Recycling rates in Baltimore have been below the national average for years. But Baltimore’s recent embrace of a bold and innovative public-private partnership could make it a blueprint for cities nationwide on how to ramp up the collection and remaking of recyclable materials for a true circular economy where products are remade instead of landfilled.
Many families in Baltimore have been using outdated, inadequate curbside recycling bins. The bins aren’t big enough to handle the usual amount of recyclable materials that households generate so many recyclable bottles and cans are wasted. That is about to change. Mayor Brandon Scott has announced plans to ensure equal access to recycling. This initiative will dramatically increase the amount of recyclable materials that are collected and recycled into new products, and protect the health and safety of materials collection workers.
Baltimore has become the latest city to take part in “Every Bottle Back,” an initiative by the beverage industry that joins together municipalities, environmental groups and businesses to invest in state-of-the-art collection systems and educational campaigns that makes recycling more effective. For our part, Every Bottle Back is helping our industry reduce its plastic footprint by increasing the amount of our plastic bottles that are collected so they can be remade into new bottles.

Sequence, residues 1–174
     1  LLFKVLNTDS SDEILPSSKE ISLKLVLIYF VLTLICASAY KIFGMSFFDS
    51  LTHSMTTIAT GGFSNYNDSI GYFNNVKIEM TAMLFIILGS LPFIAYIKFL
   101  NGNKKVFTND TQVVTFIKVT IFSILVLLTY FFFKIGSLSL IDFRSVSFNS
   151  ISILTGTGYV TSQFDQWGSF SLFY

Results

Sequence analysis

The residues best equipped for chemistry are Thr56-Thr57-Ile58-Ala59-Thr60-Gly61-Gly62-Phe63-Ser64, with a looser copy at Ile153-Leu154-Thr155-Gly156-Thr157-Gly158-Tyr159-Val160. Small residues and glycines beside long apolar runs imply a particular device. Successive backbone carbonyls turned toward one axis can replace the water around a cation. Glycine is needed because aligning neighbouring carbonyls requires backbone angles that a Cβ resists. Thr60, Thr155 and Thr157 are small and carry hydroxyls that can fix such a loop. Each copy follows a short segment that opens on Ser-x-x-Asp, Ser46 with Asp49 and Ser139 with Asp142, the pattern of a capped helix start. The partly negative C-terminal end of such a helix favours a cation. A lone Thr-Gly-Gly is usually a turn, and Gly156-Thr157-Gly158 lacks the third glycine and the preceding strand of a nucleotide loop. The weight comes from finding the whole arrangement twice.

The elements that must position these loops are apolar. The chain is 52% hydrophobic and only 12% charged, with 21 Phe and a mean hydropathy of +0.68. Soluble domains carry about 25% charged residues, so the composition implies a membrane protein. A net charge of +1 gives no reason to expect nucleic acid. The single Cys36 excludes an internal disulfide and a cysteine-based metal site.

Together with The Coca-Cola Company, Keurig Dr Pepper, PepsiCo and national and global environmental groups The Recycling Partnership, Closed Loop Partners and World Wildlife Fund, we’re investing $1.65 million in Baltimore to upgrade its recycling system. This investment will help 205,000 households upgrade to lidded recycling carts that will be provided by the city to collect and process more recyclable materials. This modernization will also limit contact between sanitation workers and make for a safer recycling process.
The investment will result in the collection of 40 million pounds of new recyclables annually which amounts to an 80% increase of recyclables per household. Additionally, the program will create 29.6 million pounds of new recycled plastic over 10 years.
As industries and municipalities in Maryland join forces to upgrade recycling systems, the city will launch a new recycling campaign to assist with vulnerable communities that are impacted most by waste and litter.
Our hope is that Baltimore will serve as a model for Maryland and localities nationwide on how progress can be made through cross-industry partnerships and municipal collaboration.
To truly achieve a circular economy, we must all be environmental champions.
Katherine Lugar, Washington, D.C.
Ellen Valentino, Annapolis
The writers are, respectively, president and CEO of the American Beverage Association and executive vice president of the Maryland-Delaware-DC Beverage Association.
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